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Old 08-10-2014, 11:24 PM   #1
panhead_pete OP
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Joined: Jul 2012
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Safety Thread

I realize that may not be to everyone's taste but was thinking it might add value to capture in one place what people are doing to manage their safety when out riding, whether it a day or month+. Seems there is quite a bit of info posted but normally it gets buried in threads where its not easily found, particularly when using the search engine on here :)

So without further ado what electronic devices are you using and do you like them? What other things do you put in place, particularly if you are traveling solo or in small groups. What can you share to help make what we do safer? Im not talking about changing what we do, just improving the chances of getting home in one piece.
More gear and still no idea.
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Old 08-11-2014, 12:15 AM   #2
The Bigfella
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I carry a SPOT 2 and a phone. I also use a Garmin Montana.

I have a satphone, but don't carry it very often now. I probably should, as I often ride alone, but I try to minimise weight carried.

I like the SPOT - I don't bother to set it up to record my tracks these days, but it lets my family see where I am. I have, on a couple of occasions, SMS'd my wife to check my location on the SPOT and, ahem, tell me which direction it was to civilisation (eg in Gunung Leusur National Park, in Sumatra, approaching dark.... with a white screen showing on the GPS).

I also generally carry a Notebook computer (except day rides) with digital service and parts manuals on it.
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Old 08-11-2014, 12:16 AM   #3
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Pete, it's all been done b4
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Old 08-11-2014, 12:33 AM   #4
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Location: Lake Macquarie , NSW, Australia
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I started out this Adv riding caper with just my Telstra blue tick analogue 3 G phone . It didn't take me long to find out that what Telstra claimed and what was reality on the ground out West , was 2 different things . I had an issue on the second major ride I did , I did not have service on the phone and I had used up my spare 21 inch tube and got another flat . Easy solution was I rode my 640 for about 20 km with a flat front tyre till I had phone service to call the cavalry to rescue me , would have been a lot different if I was unable to move the bike , this set me thinking about the issues around my safety while riding .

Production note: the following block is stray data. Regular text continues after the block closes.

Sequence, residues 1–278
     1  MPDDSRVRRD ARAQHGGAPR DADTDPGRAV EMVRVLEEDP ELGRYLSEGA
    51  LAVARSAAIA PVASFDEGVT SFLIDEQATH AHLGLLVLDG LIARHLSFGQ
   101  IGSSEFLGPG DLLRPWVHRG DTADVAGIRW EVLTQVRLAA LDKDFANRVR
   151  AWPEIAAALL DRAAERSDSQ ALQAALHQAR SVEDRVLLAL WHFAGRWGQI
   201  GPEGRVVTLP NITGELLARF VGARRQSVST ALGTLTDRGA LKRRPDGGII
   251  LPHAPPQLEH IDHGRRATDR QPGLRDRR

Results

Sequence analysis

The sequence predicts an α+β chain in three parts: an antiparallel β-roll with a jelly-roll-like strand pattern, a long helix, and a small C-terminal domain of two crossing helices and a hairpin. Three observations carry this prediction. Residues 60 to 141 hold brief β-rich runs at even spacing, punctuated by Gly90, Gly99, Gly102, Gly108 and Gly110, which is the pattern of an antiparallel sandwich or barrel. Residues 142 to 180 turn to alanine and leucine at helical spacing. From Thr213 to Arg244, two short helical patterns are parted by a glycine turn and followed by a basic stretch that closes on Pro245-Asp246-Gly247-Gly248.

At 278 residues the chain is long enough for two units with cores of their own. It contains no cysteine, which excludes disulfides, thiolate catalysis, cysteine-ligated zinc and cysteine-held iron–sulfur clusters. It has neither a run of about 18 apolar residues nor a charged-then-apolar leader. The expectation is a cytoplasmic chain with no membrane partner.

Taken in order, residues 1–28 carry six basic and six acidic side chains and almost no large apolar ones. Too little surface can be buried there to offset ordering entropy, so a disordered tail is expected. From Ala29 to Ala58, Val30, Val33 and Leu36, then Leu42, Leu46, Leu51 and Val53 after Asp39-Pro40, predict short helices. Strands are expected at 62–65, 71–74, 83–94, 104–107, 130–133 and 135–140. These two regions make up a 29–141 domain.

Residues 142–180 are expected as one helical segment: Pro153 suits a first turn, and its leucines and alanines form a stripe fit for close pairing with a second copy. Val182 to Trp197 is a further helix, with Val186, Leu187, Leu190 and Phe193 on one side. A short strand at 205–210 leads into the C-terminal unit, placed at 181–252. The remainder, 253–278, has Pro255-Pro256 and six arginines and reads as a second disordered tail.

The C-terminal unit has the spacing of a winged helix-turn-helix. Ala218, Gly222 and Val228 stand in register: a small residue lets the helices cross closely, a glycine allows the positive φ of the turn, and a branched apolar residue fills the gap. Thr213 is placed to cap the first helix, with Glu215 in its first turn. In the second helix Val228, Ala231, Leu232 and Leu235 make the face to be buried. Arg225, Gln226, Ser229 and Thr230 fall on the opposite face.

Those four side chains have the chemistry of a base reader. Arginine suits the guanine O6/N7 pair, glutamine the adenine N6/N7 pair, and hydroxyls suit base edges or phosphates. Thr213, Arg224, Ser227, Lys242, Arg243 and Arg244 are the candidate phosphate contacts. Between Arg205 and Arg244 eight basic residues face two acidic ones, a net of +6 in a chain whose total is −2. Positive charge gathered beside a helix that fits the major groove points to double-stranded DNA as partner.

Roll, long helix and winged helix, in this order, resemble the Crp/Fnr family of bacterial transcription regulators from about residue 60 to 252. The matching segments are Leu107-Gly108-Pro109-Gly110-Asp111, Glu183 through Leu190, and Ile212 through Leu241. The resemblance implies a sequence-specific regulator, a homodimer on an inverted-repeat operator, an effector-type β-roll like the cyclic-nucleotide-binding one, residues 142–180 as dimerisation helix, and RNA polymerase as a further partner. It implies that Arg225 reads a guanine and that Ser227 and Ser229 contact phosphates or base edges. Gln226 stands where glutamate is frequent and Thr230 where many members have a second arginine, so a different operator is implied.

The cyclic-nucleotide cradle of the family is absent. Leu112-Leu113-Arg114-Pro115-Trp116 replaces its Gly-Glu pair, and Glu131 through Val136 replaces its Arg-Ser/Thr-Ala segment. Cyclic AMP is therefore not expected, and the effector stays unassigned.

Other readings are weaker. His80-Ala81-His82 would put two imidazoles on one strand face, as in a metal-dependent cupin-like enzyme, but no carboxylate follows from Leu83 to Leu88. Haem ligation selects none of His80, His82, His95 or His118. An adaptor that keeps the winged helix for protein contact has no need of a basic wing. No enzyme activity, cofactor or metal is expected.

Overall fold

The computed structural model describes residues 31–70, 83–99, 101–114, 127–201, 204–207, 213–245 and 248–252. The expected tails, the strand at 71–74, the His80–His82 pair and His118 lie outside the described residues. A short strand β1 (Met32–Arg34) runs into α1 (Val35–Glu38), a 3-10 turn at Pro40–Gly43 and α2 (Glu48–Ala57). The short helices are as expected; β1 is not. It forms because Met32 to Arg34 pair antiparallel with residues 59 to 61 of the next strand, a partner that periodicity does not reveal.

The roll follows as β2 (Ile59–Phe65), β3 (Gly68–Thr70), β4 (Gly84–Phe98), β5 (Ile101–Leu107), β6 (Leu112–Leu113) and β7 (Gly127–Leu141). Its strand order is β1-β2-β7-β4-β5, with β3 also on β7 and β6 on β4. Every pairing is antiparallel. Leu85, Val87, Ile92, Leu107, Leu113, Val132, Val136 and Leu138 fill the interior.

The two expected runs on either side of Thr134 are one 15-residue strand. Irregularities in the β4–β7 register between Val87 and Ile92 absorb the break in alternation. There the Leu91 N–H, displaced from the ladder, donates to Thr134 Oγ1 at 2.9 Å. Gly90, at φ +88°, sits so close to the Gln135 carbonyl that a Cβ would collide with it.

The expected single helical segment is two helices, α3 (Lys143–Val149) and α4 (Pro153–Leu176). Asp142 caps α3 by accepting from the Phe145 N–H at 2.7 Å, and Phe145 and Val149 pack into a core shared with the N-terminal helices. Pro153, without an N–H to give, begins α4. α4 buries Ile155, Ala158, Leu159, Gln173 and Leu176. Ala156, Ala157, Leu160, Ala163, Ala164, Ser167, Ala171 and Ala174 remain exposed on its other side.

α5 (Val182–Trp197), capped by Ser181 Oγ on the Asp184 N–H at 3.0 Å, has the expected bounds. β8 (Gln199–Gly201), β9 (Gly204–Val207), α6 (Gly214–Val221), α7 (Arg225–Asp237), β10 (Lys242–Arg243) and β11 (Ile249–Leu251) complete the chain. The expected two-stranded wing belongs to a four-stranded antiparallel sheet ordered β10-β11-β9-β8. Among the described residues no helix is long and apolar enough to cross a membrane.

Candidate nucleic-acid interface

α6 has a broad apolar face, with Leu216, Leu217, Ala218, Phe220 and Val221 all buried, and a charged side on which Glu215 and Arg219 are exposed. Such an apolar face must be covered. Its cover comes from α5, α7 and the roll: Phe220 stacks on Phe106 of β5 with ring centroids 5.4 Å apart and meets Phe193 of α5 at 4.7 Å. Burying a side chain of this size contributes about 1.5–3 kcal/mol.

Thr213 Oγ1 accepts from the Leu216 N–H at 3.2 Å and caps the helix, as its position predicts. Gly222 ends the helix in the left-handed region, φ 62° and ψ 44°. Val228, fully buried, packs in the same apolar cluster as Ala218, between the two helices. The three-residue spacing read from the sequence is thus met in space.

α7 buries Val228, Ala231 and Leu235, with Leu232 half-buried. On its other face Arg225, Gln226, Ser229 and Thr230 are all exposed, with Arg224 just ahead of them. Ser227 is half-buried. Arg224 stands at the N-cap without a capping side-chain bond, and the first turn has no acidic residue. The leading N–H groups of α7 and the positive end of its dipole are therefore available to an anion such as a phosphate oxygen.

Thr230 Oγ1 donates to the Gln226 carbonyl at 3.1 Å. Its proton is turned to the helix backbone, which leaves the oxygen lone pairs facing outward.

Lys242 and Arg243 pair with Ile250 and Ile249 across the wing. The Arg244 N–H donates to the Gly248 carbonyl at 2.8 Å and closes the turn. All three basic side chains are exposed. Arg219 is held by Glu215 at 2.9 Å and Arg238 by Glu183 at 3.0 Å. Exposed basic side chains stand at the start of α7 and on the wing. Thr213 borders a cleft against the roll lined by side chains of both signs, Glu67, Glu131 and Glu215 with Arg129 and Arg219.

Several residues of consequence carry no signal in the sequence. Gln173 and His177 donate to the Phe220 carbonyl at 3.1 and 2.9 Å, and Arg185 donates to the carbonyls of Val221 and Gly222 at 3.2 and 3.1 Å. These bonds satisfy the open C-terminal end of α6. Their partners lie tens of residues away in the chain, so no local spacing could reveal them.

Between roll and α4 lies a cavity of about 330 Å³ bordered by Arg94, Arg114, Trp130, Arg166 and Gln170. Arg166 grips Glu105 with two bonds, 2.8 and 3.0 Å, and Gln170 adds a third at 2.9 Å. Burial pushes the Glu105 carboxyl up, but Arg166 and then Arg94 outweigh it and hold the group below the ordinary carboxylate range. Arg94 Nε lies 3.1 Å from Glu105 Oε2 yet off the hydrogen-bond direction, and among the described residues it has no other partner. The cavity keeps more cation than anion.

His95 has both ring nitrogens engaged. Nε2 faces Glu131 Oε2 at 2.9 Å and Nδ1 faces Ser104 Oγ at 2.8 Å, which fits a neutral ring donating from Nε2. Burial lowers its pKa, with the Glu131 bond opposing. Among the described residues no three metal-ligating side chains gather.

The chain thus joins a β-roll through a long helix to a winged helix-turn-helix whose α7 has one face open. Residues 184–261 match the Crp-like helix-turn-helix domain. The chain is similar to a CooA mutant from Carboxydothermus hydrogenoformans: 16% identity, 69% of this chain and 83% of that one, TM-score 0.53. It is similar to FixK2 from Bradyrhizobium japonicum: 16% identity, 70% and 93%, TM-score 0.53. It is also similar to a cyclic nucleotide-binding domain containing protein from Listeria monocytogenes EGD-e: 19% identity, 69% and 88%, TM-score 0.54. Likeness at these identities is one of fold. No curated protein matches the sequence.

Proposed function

I purchased a GME Acusat PLB so if I was in dire straits I could get some assistance provided I could activate the unit . This did me for a long time .

After I got married , my wife wanted to know that I was safe and approximately where I was most of the time , so before going on a longish solo ride in May last year , I bought a Spot 2 , this helps keep my wife feeling comfortable while I am away as she has a readily viewable screen to see just where I am and knows I will set off the help function if I feel I need assistance .

If I am going into a hyper remote area I will carry a Sat Phone , either a borrowed one or a hired one . I have a mate who owns one and has offered the use of it , but he does do a fair amount of remote area travel , so may want to use it when I am in need of one . Last time I went out into the Desert I hired one in company with my 2 ride buddies and shared the cost .

I also use a UHF on rides where it will be an asset , like crossing the Simpson and on rides where dust is an issue if you regroup regularly .
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Old 08-11-2014, 03:17 AM   #5
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I have a spot 2, most of my riding is out of mobile range. I set it off when I broke my collarbone on a Vic High Country trip and got myself a free helicopter ride. A fellow traveller had a satphone which was basically useless, no reception unless it was facing the right direction. And we were on top of the hill. I know this doesn't apply to all satphones, but the spot was much more useful in this case. And the added bonus of the missus knowing which pub the bike is parked at.
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Old 08-11-2014, 04:53 AM   #6
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103, Take 5 and a SWMS before riding...??? Hopefully there is a SWP for the activity I'm about to undertake otherwise I am in trouble. Do I have the correct PPE?? Too much safety focus in my workplace. Leave the safety nazis there. Gear up and ride.

Oops wrong thread lololol
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Old 08-11-2014, 05:03 AM   #7
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Terrific thread pete,i got a sticker with cpr stuck on underside of helmet peak,i have done first aid courses etc but think in heat of moment i would not remember the cpr steps,sticker is a fantastic baseline that could possibly make a big difference.I got a riding mate who is a paramedic and he said sometimes a injury can cause you to go into shock and have breathing issues etc and cpr can help in some cases.

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Old 08-11-2014, 05:11 AM   #8
panhead_pete OP
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Thanks Johnno. Great hint.